Group hikes Mt. Kilimanjaro in honor of EMU grad killed in Africa

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HARRISONBURG, Va. (WHSV) — On March 12, a group of hikers reached the summit of Mount Kilimanjaro.

Photo courtesy of John Sharp

It was the second anniversary of the death of Michael Sharp, an Eastern Mennonite University graduate, who was known as MJ.

"These people did not all know MJ," John Sharp, MJ's father, said, "but they were inspired by his story. As one hiker said to me, 'If I can help carry a father's grief, then I'm in.'"

MJ was in the Democratic Republic of Congo investigating human rights abuses with his United Nations colleague, Zaida Catalan. They were killed in 2017.

One of John Sharp's friends brought up the idea of climbing Mount Kilimanjaro.

"Well, I said, 'MJ had this on his bucket list. Why don't we do it for him?'" Sharp said.

At the beginning of March, 12 hikers set out from across the U.S. and two other countries for the Michael J. Sharp Dream Hike, meeting in Tanzania.

Their goals were to reach the summit and raise $120,000 for the scholarship in MJ's name at EMU.

"So we were united around this mission," Sharp said, "and I think that just gave us a sense of purpose we might not have had otherwise."

Two EMU seniors, Riley Swartzendruber and Christy Kauffman, were along on the hike, taking photos and videos. They are a part of a group of EMU students working on a documentary about the life and legacy of MJ.

"This climb was kind of a continuation of discovering a story, honestly," Kauffman said, "because we've been living with this story for a year and a half, working on the documentary."

"Knowing that I get to be a part of this story, like even play such a small part," Swartzendruber said, "and knowing that my work and Christy's work is a part of that and is helping get the story out there as well is a really cool experience to have."

On the seventh day, the hikers reached the summit — the highest point in Africa, which is more than 19,000 feet above sea level.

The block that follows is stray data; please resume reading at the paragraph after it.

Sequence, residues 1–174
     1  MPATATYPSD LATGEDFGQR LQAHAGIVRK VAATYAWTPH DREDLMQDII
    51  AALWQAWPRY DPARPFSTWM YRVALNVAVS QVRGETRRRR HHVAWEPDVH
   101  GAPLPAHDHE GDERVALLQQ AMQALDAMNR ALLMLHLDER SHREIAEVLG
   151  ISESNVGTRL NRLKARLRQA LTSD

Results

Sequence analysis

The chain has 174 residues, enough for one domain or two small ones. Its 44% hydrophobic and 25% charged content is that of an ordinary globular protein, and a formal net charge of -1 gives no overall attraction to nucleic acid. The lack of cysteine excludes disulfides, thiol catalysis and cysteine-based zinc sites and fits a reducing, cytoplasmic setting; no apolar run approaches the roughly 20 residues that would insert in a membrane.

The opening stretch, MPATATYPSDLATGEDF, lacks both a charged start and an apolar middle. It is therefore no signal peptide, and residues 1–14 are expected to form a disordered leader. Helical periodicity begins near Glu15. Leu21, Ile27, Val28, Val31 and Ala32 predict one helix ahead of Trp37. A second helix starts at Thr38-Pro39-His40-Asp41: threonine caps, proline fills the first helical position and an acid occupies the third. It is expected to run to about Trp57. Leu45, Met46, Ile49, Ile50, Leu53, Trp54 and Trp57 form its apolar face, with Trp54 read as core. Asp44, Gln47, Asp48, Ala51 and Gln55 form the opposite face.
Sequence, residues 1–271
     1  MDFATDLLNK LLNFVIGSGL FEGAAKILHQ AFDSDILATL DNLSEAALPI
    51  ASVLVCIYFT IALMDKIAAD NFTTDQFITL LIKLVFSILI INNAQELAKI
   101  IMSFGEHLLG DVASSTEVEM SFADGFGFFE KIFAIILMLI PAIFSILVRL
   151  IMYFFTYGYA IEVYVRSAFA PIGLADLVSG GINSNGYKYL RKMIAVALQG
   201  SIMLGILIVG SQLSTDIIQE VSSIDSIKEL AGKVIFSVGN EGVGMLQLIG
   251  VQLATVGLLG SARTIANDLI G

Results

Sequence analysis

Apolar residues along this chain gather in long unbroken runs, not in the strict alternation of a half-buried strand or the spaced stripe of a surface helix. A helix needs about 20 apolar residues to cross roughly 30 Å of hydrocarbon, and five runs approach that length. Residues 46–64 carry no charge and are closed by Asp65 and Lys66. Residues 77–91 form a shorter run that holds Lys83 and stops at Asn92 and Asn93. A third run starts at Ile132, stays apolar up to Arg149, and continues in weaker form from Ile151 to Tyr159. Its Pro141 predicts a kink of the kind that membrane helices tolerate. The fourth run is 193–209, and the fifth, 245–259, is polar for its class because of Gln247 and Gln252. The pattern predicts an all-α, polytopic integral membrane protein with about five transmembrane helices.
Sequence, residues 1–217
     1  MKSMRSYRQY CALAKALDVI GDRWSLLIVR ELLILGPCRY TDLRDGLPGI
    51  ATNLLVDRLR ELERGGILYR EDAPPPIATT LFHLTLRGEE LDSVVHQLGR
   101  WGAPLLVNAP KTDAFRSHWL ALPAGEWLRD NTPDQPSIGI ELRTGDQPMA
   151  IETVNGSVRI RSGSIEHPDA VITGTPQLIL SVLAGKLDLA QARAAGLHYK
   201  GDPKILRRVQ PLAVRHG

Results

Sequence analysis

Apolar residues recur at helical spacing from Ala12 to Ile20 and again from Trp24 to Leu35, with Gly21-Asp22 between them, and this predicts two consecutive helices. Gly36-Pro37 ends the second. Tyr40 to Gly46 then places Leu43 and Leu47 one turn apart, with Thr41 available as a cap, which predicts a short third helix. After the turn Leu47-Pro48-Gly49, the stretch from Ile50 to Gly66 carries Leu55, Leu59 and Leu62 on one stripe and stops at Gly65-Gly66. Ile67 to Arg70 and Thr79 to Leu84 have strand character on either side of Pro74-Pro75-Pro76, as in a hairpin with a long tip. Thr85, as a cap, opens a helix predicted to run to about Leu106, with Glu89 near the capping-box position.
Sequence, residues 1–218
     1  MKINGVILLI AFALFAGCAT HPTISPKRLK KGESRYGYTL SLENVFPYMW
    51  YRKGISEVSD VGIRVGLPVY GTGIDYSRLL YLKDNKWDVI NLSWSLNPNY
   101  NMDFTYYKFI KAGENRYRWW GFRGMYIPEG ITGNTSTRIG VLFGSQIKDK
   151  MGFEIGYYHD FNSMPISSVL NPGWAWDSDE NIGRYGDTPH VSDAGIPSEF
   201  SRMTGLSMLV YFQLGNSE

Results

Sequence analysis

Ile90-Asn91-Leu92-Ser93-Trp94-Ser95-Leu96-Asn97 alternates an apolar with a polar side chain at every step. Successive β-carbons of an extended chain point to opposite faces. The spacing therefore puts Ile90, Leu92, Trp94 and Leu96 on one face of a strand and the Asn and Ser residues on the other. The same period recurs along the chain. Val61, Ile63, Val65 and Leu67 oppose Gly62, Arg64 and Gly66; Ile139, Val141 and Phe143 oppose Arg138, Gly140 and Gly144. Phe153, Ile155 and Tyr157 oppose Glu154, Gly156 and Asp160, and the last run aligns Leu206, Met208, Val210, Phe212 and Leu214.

"Also thinking about how 11 out of 12 of us on the hike actually summited," Swartzendruber said, "which was another incredible experience where I'm like, 'there's no way MJ hasn't been with us this whole time.'"

But it wasn't just about getting to the top.

"The fact that you're summiting with these people, with this reason," Kauffman said, "it makes it a lot more meaningful than if you were to just do it, to do it."

Making it to the peak was never a guarantee, but 11 of the 12 hikers made it to the summit.

"So getting there was a huge relief," Sharp said. "It was also emotional. I felt numerous times MJ's presence and have no doubt he was there with us."

At the summit, the group held a small ceremony, to remember MJ, Zaida, and Glen Lapp, an aid worker from Lancaster, Pennsylvania, who was killed in an ambush in Afghanistan. They spread MJ's and Glen's ashes.

"The ashes, which we hoped would multiply into many peacemakers," Sharp said, "who would join the mission, who would do the kind of work MJ and Zaida and Glen Lapp were doing."

The group wants this kind of work to continue. So far, they have raised more than $115,000 for the Michael J. Sharp Peace & Justice Endowed Scholarship at EMU. They are still accepting contributions online. Money from that scholarship will be given to students at EMU's Center for Justice and Peacebuilding to continue the peace building work MJ was doing.

"It's one of the delights of this whole story for us," Sharp said. "In the midst of the grief and sadness, our loss of MJ, having moments of joy like this are wonderful."

Swartzendruber and Kauffman hope the documentary will inspire others to work for peace.

"I think there's a perception people have of peacemakers and peacebuilders that is we're very passive," Swartzendruber said, "but this is a pretty clear story that says otherwise."

After MJ's death, much of the conversation has been about why it happened. But the students' documentary wants to change the dialogue.

"We're trying to tell a little bit of a different story in telling why these people were doing this work and telling about how these people went into this work and risked their lives," Kauffman said, "instead of looking at who did what and whose fault it was."

Those believed to responsible for the deaths of MJ and Zaida are on trial in the Congo.

"We hope for some form of shalom justice or restorative justice," Sharp said, "that goes far beyond legal justice, which really does not resolve the conflicts."

Sharp says he will continue to tell the story of his son's life, mission and death. He says he hopes more people will accept the challenge of making peace wherever they are.

"There is a lot more work to be done," Sharp said, "and again, I think, the best hope for peace in the world is through nonviolent intervention, doing the kind of work MJ was doing."